It seems strange that US newspapers choose to openly endorse a presidential candidate by declaring their position. In a way it’s better than what we had in Australia before the election, where newspapers were accused of pretending to be non-partisan, while pushing hard for Mark Latham over our recently re-elected prime minister John Howard. And while the majority of the press were accused of unfairly pulling for Latham, we see how much good that did him. Latham, and Labor, lost abysmally.
If the majority of mainstream media, or at least newspapers in the US, are editorialising for Kerry and demonising Bush I can see it having a similar effect to what it did here in Australia. That is, the exact opposite of what they had hoped.
This one’s for you, Lynndie. Tasteless? Yes.
Electablog gets stuck into republicans again… At the core of the GOP strategy is a need to attract less-educated voters. […] You don’t need a postgraduate degree to know that’s a pretty sad strategy.
In the comments section of a post on Caliblog, I linked to an article at Electablog. The numbers are staggering. While some would say, “That’s America for you,” I think you could stop for a second and look at your own country and yourself, jackass. (Update: That was a bit harsh, wasn’t it? I’m getting a little agitated at the thought of Bush winning…) Let me just remind you I’m Australian. The majority of people all over the world are just plain stupid. We all believe the spin when it suits us. And it always suits them. Damn the man. Here’s the end of the post at Electablog:
Maybe, instead of funding another set of attack dogs, we need to start a few new 527s that are dedicated to spending millions of dollars on the cause of simply informing the American people of the facts (or at least occasionally slapping them across the face to see if they’re awake).
Basically the report is the result of a survey of democratic and republican supporters and what they believe about issues relating to the war in Iraq. What it comes down to is that, despite high-profile reports released proving the non-existence of both WMDs before the invasion and a link between Iraq and al-Qaeda, Bush supporters not only continue to believe those things, but in some cases seem to think the reports concluded something other than what they did. Ah, misinformation. The actual report referred to says:
“Apparently, to avoid this cognitive dissonance [between supporting Bush’s mistaken reasons for going to war and the obvious reality presented to them], Bush supporters suppress awareness of unsettling information.
But now, while others have peeled off, Bush supporters continue to hold onto their image of Bush as a capable protector. To do this it appears that many need to continue to screen out [credible] information that undermines this image.”
Two weeks ago my sister invited me to sign up for NaNoWriMo. The objective? To write a 50,000 word novel in the month of November. What use have I of university? I thought. So I signed up. Now Blogger is getting in on the action.
So, here’s a link to what will be my ‘novel’ blog. Prepare for the insanity of writing that leaves you frustrated by a plot that takes you nowhere.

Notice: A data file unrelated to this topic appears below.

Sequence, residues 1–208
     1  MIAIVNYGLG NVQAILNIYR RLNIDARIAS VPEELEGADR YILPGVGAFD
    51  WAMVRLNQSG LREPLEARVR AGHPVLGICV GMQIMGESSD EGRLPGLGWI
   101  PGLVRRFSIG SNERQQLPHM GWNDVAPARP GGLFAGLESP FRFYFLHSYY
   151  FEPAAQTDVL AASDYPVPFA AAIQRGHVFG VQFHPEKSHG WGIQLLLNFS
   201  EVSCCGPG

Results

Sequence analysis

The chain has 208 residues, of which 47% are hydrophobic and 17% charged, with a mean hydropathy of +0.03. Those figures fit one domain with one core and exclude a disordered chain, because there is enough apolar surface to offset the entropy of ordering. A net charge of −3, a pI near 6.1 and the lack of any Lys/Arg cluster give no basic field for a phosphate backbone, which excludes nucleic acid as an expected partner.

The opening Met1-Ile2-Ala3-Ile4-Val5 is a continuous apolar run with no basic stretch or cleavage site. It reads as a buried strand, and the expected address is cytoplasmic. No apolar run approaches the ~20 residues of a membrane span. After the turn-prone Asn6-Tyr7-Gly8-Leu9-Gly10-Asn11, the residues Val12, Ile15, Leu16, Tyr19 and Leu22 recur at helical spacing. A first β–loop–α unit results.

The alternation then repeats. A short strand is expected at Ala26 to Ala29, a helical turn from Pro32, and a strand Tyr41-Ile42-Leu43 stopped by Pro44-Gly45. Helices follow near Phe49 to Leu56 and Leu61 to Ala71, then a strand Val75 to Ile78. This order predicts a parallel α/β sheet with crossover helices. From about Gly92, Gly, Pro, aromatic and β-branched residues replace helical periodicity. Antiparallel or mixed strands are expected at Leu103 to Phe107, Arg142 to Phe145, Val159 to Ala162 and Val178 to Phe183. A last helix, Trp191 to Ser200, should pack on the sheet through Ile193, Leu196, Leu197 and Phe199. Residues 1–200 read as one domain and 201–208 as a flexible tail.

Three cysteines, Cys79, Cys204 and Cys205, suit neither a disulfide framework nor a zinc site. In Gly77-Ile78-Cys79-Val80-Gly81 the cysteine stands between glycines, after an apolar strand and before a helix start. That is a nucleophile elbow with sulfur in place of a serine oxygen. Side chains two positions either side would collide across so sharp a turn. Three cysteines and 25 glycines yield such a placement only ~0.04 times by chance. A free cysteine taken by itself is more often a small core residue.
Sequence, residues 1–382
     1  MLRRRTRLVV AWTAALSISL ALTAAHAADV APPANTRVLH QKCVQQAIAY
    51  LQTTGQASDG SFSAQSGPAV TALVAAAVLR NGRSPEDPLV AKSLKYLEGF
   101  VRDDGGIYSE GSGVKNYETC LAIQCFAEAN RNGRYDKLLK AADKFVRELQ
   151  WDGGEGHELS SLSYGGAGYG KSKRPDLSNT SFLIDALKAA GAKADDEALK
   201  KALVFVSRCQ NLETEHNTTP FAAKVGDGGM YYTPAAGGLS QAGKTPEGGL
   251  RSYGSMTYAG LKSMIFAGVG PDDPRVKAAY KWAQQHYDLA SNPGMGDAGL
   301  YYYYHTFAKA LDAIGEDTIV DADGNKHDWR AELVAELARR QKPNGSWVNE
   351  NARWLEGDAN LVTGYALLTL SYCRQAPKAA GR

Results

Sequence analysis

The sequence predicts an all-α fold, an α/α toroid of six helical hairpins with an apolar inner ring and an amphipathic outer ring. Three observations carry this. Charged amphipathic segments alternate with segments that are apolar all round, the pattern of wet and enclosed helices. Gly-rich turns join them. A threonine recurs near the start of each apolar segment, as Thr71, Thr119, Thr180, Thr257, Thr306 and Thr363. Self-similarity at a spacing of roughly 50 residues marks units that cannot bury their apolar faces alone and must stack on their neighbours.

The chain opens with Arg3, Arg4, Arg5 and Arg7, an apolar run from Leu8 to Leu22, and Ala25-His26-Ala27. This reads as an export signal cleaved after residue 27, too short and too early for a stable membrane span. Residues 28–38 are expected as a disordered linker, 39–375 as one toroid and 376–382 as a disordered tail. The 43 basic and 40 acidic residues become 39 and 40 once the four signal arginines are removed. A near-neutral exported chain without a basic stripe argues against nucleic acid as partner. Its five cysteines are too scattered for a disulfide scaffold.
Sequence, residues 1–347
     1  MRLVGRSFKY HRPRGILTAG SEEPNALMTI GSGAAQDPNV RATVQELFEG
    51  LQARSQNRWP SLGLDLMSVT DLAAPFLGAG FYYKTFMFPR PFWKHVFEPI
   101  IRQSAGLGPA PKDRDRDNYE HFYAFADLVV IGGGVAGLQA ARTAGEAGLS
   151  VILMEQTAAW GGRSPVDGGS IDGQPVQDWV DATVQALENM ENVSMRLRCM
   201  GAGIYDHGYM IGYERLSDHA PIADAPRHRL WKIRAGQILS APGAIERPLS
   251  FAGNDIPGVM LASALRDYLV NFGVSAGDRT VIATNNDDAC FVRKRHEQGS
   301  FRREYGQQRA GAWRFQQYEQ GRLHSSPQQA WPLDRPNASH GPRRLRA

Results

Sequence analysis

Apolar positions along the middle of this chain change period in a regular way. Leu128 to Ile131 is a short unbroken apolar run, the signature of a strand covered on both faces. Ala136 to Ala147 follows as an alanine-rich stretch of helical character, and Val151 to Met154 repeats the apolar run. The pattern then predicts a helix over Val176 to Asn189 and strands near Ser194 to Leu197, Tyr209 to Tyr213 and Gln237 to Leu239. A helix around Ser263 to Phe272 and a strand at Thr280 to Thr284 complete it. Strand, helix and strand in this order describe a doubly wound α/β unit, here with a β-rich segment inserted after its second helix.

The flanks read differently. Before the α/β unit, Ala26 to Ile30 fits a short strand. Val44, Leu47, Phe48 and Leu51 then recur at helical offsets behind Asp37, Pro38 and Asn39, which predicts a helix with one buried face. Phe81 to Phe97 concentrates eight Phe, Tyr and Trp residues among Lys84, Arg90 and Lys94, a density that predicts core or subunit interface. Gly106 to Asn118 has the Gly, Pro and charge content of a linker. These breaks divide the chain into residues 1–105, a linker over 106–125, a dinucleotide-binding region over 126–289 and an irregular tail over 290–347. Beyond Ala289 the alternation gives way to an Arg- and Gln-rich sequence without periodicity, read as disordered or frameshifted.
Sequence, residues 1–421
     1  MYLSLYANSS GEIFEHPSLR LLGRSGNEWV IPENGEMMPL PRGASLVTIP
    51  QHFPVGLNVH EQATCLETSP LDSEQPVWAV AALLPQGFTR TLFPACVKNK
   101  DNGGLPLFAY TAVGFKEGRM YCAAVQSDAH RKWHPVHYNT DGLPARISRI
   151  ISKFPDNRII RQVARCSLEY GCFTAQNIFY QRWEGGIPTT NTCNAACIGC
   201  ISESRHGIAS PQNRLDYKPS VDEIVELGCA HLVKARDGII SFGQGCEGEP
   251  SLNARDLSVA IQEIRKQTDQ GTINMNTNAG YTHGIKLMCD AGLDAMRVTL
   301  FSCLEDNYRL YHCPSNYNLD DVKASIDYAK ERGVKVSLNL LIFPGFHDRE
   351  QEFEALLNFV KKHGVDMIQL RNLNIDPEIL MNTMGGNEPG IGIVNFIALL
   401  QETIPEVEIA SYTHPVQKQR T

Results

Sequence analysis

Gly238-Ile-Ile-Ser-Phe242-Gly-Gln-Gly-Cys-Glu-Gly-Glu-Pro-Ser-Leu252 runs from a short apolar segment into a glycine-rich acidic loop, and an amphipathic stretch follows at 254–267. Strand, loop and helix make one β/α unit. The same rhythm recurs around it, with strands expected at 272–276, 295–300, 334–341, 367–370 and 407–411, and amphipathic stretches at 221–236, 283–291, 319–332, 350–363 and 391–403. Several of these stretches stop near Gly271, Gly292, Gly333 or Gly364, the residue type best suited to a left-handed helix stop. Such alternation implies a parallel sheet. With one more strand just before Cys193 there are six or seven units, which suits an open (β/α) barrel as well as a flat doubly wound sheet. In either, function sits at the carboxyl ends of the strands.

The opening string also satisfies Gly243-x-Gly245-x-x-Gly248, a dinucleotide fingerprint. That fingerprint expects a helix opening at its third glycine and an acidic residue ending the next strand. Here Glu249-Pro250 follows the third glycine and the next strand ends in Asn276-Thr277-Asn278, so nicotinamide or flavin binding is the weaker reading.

The second presidential candidate’s debate was today. I haven’t had the time to watch it online. I probably won’t be taking the time to watch it online. You can read all about it, well, in many places on the web. I, on the other hand, must attend to more urgent matters. I will not return for at least several days. Enjoy. And so, I bid you adieu.
Doonsebury’s Gary Trudeau continues in his effort to educate the public about why voting for Bush would be a bad idea.
Yesterday’s strip asked readers to view an email from the Wall Street Journal’s Farnaz Fassihi in Iraq. I hope that link is right. My computer is having issues and won’t open the Doonesbury link for yesterday’s strip. Metafilter tells us that, for her trouble, Farnaz has been pulled from Iraq.
Update: I finally got the correct link from yesterday’s Doonesbury strip, but every time I try to open it, Internet Explorer crashes. It may or may not be the same thing as what I linked to above.
Today’s strip points us to an article at salon.com.
There is no such thing as a free and fair democracy. Sometimes it’s difficult to remain rational. Combined with the Ohio voter registration
@!$&*^%! debacle, now we have Democratic registrations getting trashed. It’s enough to make a person want to take up arms. I don’t have the time to go into it, so just read the original story here. These three blogs didn’t do much more than say something brief about the story, but the comment threads (where available) will give you an idea of people’s reactions.
Metafilter were the first to pick it up (that I saw).
Electablog now has something on it.
As does Daily Kos
So they’re all “left” blogs. That doesn’t invalidate the fact this took place. I’ve emailed Instapundit, as a “right” leaning blogger, asking him to comment on it.
Could this not all be avoided by not requiring people to indicate their party preference on registration forms? Why should anyone know who I’m going to vote for before I do so? Just put ‘undecided’ or ‘independent’, or, here’s a thought, ‘None of your bloody business’.
Is this for real? Electablog points to statements by both Bush and Cheney where they say, respectively, “Our goal is not to reduce terror” and, “reducing terrorism” is “all part of a pre-9-11 mindset…naive and dangerous”.